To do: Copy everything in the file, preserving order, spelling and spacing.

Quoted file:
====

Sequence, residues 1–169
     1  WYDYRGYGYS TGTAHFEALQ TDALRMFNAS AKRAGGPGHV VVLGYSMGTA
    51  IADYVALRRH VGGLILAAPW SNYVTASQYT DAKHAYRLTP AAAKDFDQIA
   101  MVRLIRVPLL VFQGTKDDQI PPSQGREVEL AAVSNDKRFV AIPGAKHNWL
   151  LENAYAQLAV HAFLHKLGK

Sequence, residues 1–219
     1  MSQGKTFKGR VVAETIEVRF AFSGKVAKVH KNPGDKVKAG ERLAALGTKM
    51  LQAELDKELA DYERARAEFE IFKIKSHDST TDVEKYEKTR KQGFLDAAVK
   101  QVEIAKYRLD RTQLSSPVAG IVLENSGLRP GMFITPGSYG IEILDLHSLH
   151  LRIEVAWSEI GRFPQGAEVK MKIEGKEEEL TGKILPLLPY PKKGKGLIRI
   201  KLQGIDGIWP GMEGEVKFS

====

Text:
Sequence, residues 1–169
     1  WYDYRGYGYS TGTAHFEALQ TDALRMFNAS AKRAGGPGHV VVLGYSMGTA
    51  IADYVALRRH VGGLILAAPW SNYVTASQYT DAKHAYRLTP AAAKDFDQIA
   101  MVRLIRVPLL VFQGTKDDQI PPSQGREVEL AAVSNDKRFV AIPGAKHNWL
   151  LENAYAQLAV HAFLHKLGK

Sequence, residues 1–219
     1  MSQGKTFKGR VVAETIEVRF AFSGKVAKVH KNPGDKVKAG ERLAALGTKM
    51  LQAELDKELA DYERARAEFE IFKIKSHDST TDVEKYEKTR KQGFLDAAVK
   101  QVEIAKYRLD RTQLSSPVAG IVLENSGLRP GMFITPGSYG IEILDLHSLH
   151  LRIEVAWSEI GRFPQGAEVK MKIEGKEEEL TGKILPLLPY PKKGKGLIRI
   201  KLQGIDGIWP GMEGEVKFS